A crushing drought in 2008 in Syria and the Black Sea region drove up food prices leading to the beginnings of the Arab Spring. This Arab Spring drought (and a related food futures commodity bubble) forced hundreds of thousand of destitute farmers into the cities of Syria where growing unrest blossomed into full fledged civil war.
The civil war progressed and moved across the national border of Syria and, drawn by the power vacuum of Iraq, into Anbar Province. Now the Syrian Rebels have melded into a new multi-national force, ISIS, which seeks to form a national caliphate out of a region carved out of Syria, Iraq, Lebanon and the West Bank of Israel. Today this group has taken Iraq's largest oil refinery, and their black flags are seen today flying over this critical infrastructure.
80% of India's oil is imported and 13% of India's oil imports originate from Iraq. Just this year a crushing heatwave has plagued the northern areas leading to widescale riots and rolling brownouts as the electric grid is stretched to its limit. A forecast for a much delayed monsoon season is placing additional pressures on the country's social, economic and political structures. In addition a severe march hailstorm destroyed over 8 lakh hectares (about 3,000 square miles) of food crops, with resultant farmer suicides.
These compounding factors of weather, political unrest and delayed monsoons have led to significant food and fuel inflation in the region. This has forced India to implement market controls, as they did in 2008 to curb price inflation. If a greater energy crisis occurs with ISIS moving to restrict oil exports from Southern Iraq it would push India into a very real threat of widescale explosive inflation and economic and social unrest.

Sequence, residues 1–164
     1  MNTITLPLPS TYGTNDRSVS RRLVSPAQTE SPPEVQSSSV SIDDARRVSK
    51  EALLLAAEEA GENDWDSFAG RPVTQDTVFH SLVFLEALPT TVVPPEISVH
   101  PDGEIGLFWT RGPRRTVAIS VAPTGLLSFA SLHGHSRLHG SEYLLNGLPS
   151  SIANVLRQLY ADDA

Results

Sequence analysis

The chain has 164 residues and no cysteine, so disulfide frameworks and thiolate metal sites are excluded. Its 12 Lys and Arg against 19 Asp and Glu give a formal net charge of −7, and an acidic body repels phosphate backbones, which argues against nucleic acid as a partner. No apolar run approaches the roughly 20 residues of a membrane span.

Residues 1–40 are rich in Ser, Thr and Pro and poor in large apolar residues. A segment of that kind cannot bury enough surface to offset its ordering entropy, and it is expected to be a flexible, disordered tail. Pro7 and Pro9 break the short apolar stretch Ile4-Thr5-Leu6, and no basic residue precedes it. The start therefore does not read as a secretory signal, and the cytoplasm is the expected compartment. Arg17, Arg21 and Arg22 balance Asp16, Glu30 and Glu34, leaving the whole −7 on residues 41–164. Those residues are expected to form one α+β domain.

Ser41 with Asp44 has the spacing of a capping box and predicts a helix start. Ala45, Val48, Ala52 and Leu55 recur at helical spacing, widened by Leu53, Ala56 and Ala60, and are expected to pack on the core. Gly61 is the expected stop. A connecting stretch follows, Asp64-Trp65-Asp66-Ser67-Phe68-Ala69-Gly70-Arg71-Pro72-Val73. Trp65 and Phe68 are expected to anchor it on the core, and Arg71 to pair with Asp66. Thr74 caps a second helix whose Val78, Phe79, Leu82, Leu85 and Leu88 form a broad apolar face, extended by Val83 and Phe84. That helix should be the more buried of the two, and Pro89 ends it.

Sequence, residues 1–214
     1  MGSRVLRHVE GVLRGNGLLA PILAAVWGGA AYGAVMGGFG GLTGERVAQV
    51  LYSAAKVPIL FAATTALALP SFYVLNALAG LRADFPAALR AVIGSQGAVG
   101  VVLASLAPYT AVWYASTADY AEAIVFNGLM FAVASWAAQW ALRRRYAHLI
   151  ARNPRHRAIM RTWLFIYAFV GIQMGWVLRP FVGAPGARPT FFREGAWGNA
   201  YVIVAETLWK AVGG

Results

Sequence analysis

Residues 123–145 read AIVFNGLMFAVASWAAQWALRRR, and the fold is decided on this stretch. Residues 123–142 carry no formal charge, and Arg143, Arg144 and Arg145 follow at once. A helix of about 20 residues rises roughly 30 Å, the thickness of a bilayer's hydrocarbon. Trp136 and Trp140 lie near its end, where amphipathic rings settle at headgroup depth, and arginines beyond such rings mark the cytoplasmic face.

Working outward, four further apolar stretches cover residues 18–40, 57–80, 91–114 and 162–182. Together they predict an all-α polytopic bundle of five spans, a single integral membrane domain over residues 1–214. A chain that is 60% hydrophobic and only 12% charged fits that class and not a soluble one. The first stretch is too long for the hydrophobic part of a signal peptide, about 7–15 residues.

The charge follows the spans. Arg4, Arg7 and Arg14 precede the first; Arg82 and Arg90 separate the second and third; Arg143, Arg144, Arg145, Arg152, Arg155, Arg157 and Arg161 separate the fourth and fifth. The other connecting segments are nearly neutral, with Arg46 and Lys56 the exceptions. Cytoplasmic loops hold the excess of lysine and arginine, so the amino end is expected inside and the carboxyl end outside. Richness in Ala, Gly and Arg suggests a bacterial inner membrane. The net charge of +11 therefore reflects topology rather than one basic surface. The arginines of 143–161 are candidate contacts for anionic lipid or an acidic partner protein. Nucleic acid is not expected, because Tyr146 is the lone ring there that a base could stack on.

All of these forces are directly or indirectly exacerbated by climate change.
This is really happening.
Thursday, June 19th 2014The climate induced drought of 2008 has real, global implications in the middle east and beyond. The secondary effects of the delayed monsoon, record-breaking heatwavesand weather related food shortages may compound with increased oil prices to generate considerable more unrest in the world's largest democracy this year.
New Delhi: Commodity markets regulator FMC has curbed futures trading in potato contracts for July, August and September in order to check prices by disallowing fresh positions and hiking deposit amount on buyers.
The Forward Markets Commission (FMC) has taken this decision in the backdrop of rising prices of potato and other essential commodities, which could be aggravated by the likelihood of a sub-normal monsoon.
These are compounding "force multipliers" they don't just go away when the temporary effects of climate change occur. The grow, and in growing they build momentum. They persist and impact far beyond their original scope.
This is why the U.S. Defense Department calls climate change "a clear threat to U.S. National Security".
Rare Hailstorm Decimates Crops in Maharashtra